remains, and the younger Danielson joined the effort while on leave from
Electronic Attack Squadron (VAQ) 209. By journeying to Laos, Danielson
became the first active-duty service member to participate in an expedition
for an MIA father.
"Everything lined up perfectly," Danielson said. "My squadron had a brief
break in our training, and my Skipper approved my request. I was very
excited to join the effort and the work JPAC does."
Although the expedition did not find any additional remains, DNA testing
conducted by JPAC's Central Identification Laboratory concluded that the
bone fragment came from his father, allowing the younger Danielson and his
mother to plan a final burial and memorial service at a family plot in
"As soon as I got back from Laos," he said "I jumped back into training with
VAQ-209, and even got to fly an exchange flight with a German squadron that
flew the same type of F-4's that my father flew. A very short time after
walking the jungle trails in Laos where my father was killed, I was with my
squadron in Iraq. It's been a wild year."
Danielson, his mother, and his father's remains welcomed at the airport by
honor guards from the Kenyon VFW and American Legion, the Northland Vietnam
Veteran's Association, and the Everett McClay VFW Post 1296.
"It's been great to have a proper welcome home for my dad," Danielson said.
"This experience, looking for my father's remains, at one point seemed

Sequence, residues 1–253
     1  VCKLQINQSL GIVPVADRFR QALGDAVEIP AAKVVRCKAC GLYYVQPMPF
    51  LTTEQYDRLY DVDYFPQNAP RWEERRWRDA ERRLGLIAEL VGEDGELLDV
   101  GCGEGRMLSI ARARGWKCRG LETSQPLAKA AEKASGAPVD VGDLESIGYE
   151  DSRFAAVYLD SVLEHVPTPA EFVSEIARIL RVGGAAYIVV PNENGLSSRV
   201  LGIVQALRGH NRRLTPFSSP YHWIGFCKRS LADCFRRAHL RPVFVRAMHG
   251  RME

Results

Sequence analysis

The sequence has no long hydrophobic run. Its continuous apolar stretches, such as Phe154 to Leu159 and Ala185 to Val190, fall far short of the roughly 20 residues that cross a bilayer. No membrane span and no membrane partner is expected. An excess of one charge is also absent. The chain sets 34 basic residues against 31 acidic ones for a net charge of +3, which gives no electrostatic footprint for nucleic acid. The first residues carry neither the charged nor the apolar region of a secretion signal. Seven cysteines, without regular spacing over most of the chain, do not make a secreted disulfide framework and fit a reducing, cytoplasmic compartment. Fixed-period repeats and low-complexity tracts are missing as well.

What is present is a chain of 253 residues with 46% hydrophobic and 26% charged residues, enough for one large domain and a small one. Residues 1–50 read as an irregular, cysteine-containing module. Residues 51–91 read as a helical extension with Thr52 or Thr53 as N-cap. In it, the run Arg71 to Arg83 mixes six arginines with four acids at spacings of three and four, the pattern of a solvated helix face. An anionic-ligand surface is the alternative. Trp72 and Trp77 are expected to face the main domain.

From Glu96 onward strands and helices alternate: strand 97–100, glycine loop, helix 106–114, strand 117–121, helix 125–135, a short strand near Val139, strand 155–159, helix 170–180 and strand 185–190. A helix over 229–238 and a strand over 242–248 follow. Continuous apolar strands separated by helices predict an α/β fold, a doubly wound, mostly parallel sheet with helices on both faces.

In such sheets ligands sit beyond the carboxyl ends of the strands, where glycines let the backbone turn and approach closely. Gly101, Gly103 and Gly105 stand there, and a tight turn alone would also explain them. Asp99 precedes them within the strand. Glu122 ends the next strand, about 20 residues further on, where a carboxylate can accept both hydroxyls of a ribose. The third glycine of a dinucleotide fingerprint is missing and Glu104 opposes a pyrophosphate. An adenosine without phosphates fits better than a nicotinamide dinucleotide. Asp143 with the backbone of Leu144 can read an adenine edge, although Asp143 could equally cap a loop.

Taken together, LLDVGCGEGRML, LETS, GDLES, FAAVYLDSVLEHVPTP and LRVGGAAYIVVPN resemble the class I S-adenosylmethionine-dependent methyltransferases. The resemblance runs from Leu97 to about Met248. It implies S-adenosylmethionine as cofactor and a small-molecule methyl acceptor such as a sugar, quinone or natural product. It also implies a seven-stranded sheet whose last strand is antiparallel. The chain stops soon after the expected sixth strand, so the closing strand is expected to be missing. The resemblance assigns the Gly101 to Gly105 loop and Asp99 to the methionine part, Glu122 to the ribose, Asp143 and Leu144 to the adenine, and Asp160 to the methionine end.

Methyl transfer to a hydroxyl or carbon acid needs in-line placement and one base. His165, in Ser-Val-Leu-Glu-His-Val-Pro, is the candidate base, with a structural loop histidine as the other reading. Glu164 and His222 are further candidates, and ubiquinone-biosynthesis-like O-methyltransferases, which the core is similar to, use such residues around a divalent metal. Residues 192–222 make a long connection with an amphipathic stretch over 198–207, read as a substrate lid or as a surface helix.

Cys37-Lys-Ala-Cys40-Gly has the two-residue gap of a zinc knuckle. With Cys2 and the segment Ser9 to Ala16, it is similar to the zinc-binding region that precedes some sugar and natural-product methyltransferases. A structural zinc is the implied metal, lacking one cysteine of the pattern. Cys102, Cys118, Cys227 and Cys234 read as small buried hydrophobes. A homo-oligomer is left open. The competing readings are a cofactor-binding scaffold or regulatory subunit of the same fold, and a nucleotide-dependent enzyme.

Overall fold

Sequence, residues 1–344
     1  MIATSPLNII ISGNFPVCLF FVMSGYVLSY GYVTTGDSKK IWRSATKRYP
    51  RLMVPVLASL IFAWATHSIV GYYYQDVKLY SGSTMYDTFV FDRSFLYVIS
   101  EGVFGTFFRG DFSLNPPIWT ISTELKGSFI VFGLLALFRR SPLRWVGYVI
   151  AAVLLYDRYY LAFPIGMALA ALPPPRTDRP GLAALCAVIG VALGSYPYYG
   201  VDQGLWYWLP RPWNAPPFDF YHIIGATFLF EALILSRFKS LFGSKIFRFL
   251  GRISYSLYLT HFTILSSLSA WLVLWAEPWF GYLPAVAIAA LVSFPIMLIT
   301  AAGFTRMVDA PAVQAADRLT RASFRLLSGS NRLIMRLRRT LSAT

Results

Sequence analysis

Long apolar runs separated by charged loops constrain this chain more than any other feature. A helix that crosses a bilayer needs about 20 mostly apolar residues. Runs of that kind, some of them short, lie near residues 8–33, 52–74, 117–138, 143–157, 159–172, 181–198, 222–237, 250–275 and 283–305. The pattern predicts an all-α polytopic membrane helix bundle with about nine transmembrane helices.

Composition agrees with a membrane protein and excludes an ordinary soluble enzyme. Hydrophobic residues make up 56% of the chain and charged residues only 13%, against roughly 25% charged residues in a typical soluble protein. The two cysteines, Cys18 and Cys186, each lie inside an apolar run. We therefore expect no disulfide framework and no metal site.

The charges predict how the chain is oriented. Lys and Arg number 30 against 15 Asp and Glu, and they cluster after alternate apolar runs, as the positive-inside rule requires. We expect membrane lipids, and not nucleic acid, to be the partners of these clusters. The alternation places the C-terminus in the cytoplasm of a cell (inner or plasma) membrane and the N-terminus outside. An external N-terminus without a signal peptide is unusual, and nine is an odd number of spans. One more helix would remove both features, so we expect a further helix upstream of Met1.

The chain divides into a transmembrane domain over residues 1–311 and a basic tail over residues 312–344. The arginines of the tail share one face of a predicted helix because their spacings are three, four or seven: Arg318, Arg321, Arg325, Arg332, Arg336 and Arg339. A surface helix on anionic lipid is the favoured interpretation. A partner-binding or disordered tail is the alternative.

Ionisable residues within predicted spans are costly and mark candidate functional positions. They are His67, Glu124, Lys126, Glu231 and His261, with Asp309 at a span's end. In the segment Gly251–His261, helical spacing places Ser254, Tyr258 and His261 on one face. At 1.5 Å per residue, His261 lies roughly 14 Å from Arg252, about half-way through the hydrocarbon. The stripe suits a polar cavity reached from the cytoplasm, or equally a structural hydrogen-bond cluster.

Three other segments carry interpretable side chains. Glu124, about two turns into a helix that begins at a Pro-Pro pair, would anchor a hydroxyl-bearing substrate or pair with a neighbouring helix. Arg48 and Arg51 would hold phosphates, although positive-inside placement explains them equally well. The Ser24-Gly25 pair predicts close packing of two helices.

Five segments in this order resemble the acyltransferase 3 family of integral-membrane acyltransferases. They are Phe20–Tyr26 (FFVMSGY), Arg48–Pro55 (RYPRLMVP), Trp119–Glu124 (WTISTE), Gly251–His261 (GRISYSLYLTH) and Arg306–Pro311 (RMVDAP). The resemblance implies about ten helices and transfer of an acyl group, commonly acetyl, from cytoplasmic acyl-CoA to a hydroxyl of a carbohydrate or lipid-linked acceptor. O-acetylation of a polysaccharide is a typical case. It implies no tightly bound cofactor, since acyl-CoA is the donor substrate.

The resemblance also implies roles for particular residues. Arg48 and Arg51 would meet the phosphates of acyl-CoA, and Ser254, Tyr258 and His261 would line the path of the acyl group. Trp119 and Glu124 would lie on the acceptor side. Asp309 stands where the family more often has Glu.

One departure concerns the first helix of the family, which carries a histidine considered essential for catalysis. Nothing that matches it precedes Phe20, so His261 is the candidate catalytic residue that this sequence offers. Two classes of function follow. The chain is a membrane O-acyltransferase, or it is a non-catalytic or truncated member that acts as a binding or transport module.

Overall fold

hopeless but it ended up being a very positive thing. We should all be
reminded of what it means to sacrifice for our country, and what our country
will sacrifice for you. No matter how long it takes, no matter the
circumstances, if you sacrifice for our country, we will bring you home."

June 15, 2007

The Department of Defense POW/Missing Personnel Office (DPMO) announced today that 
the remains of a U.S. serviceman, missing in action from the Vietnam War, have been 
identified and returned to his family for burial with full military honors.
He is Maj. Benjamin F. Danielson, U.S. Air Force, of Kenyon, Minn.

He will be buried Saturday in Kenyon.
On Dec. 5, 1969, Danielson and his co-pilot, 1st Lt. Woodrow J. Bergeron, Jr., 
were on a strike mission over Khammouan Province, Laos, when their F-4C was struck 
by enemy ground fire.  Both ejected from the aircraft with minor injuries, landing 
safely on opposite sides of the Nam Ngo River. 
Both men evaded capture the first night and maintained radio contact with search and 
rescue personnel.  Bergeron was rescued on the third day; however, enemy forces 
apparently located Danielson soon after light on the second day.  Bergeron said that 
he heard enemy activity, including gun shots, near Danielsonís position and presumed 
that the enemy located and shot Danielson.